A one-day sensitisation training workshop was on 5th April, 2022 held for journalists and stake holders in the Savannah Region at Damongo on the use of positive non-discriminatory disability languages in the media to enable persons with disabilities to live to their full potential.
Mr Anthony Dogbedo, Program Manager at Hope For Future Generations (HFFG) incharge of the Ghana Somubi Dwumadie project in an interview said his organization has over the years realized that the language that is used in the media is often not positive.
People according to him use all forms of derogatory, stigmatizing and discriminating terms nd the change they want to see is for people not refer to people by their disability. He said; “For instance, referring to people with terms like deaf and mute, is offensive and should not be used at all”..
Mr Anthony Dogbedo added that he was confident that the engagement with the journalists will provide a good foundation for further engagements with other stakeholders that will promote positive language around persons with disabilities.
Mr Dogbedo further said; “A lot of the media people themselves are not aware that these are derogatory terms. We will continue developing the document and continue sharing with the media and expect that the knowledge will be passed on to other practitioners so that together we can make society friendlier for people living with disabilities including persons with mental health conditions”.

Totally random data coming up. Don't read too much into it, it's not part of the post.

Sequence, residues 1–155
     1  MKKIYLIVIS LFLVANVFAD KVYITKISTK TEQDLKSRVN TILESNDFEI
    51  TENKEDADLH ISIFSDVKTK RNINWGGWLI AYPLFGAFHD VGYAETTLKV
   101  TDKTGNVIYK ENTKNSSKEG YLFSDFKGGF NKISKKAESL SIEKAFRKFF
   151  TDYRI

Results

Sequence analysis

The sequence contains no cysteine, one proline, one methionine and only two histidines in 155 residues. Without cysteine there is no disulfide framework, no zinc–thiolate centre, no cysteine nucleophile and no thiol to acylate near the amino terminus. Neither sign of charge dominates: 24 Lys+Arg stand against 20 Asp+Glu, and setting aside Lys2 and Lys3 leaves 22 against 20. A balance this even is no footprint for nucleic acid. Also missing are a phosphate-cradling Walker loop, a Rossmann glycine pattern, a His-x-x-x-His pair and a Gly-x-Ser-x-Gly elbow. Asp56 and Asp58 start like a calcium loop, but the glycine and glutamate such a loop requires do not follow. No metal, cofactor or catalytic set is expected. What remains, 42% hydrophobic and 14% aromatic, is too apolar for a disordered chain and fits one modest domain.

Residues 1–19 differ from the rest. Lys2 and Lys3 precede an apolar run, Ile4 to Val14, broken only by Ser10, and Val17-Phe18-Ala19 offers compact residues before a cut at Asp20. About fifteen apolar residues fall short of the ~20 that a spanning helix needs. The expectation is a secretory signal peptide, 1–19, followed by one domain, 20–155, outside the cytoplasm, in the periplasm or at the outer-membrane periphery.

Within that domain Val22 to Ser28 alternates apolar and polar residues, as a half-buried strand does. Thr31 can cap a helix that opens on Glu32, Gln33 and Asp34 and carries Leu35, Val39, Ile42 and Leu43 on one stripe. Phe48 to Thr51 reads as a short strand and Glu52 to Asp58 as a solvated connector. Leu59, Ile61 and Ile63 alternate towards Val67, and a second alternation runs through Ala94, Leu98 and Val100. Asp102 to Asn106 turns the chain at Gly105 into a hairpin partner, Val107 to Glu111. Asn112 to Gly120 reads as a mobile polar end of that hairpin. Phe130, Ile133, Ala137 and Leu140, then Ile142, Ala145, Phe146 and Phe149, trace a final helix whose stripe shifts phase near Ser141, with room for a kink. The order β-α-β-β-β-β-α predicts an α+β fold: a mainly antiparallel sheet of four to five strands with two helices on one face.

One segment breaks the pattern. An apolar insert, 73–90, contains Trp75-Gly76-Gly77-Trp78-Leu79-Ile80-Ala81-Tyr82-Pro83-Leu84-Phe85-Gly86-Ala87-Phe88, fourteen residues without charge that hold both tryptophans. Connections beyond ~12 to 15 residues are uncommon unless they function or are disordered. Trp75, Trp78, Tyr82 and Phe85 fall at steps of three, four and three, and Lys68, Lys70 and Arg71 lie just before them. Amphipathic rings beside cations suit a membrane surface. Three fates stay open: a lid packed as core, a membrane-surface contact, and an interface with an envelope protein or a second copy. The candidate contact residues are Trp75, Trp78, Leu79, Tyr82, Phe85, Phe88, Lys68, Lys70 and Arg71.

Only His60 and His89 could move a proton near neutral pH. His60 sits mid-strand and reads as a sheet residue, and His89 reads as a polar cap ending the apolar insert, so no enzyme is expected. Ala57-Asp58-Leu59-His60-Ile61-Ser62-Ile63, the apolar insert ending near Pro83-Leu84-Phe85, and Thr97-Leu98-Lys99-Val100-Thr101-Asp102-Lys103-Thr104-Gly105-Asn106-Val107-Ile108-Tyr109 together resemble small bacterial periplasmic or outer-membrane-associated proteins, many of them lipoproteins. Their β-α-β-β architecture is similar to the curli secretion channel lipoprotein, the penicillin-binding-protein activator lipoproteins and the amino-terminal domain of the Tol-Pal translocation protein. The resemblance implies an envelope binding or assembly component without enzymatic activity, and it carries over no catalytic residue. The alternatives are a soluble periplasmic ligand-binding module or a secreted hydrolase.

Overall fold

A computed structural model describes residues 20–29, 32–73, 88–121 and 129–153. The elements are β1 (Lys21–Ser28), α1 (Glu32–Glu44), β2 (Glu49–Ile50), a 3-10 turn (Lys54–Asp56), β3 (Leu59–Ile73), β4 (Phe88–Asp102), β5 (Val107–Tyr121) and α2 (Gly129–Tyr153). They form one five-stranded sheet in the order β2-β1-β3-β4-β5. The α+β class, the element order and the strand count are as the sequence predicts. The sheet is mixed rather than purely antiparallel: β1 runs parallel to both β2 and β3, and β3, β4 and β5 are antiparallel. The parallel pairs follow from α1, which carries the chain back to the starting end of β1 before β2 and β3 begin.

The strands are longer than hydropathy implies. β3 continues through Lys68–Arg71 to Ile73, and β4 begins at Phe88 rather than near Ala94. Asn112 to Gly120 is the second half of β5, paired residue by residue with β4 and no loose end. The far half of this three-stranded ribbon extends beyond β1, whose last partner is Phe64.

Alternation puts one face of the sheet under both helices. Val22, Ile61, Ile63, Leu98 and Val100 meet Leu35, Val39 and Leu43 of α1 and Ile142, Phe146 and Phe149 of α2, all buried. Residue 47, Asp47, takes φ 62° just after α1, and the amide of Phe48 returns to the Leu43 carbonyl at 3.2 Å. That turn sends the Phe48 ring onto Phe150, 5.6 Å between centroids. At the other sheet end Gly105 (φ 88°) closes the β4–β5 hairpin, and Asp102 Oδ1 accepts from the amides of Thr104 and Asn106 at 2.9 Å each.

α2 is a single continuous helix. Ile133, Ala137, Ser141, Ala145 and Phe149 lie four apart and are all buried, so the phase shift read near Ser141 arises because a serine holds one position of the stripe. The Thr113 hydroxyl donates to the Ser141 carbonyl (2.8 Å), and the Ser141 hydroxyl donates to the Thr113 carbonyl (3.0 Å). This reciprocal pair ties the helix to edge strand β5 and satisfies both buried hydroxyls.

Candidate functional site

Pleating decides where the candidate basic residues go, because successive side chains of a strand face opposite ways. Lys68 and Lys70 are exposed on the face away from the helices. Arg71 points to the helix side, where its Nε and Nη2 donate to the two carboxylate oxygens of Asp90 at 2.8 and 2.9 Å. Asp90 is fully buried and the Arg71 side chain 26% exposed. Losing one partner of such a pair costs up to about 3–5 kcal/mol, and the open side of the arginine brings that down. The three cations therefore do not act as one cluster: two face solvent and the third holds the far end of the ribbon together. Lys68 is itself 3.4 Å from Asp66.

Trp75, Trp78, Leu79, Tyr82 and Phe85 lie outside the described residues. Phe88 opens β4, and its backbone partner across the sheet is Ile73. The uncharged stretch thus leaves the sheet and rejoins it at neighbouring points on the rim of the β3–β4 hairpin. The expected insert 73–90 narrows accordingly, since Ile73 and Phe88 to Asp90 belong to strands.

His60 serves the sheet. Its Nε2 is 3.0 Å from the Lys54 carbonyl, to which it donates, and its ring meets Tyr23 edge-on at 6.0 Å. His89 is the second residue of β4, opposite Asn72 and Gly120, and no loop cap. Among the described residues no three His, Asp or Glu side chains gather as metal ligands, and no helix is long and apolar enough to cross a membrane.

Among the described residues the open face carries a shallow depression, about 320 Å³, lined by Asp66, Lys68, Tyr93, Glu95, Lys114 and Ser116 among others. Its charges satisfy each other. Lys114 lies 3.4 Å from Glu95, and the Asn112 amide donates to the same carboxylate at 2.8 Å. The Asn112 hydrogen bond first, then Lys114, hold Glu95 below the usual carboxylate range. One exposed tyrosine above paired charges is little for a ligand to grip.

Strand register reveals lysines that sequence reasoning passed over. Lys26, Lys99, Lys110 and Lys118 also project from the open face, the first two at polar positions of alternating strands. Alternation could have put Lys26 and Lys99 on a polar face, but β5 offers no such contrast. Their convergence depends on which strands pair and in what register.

Mr Fuseini Abdul-Rahman, the Project Officer at the Hope For Future Generations in charge of the Ghana Somubi Dwumadie project said the purpose of the program was to engage District Assemblies to see the best way to add disability and mental heal issues in their by-laws and how the by-laws will capture issues of people living with disabilities including mental health.
Mr Abdul-Rahman added;
“Disability have by-laws but they are not gazetted and some don’t even have at all so we hope district assemblies take issues of by-laws serious and then create a column that deals with issues affecting people with disabilities and mental health since that will go a long way to reduce the stigma and discrimination against people living with disability and mental health so as to enhance their potentials and allow them to grow to the level desired of every human being and they can’t do this without the media because the media carry their voices high”.
The President of the Savannah Regional Disabilities Association Mr Joshua Dramani commended the organization for the initiative in sensitising the general public about the name tag associated with disability.
The training was organised by Hope For Future Generations (HFFG) and the PsykForum Consortium as part of the ‘Social Behaviour Change Communication (SBCC) and stigma reduction for mental health and disability inclusion (Ghana Participatory SBC) project under the Ghana Somubi Dwumadie programme.
The 3-year programme is being funded by UKaid through Options Consultancy Services and is being implemented in the Greater Accra, Central, Savannah and North –East regions of Ghana.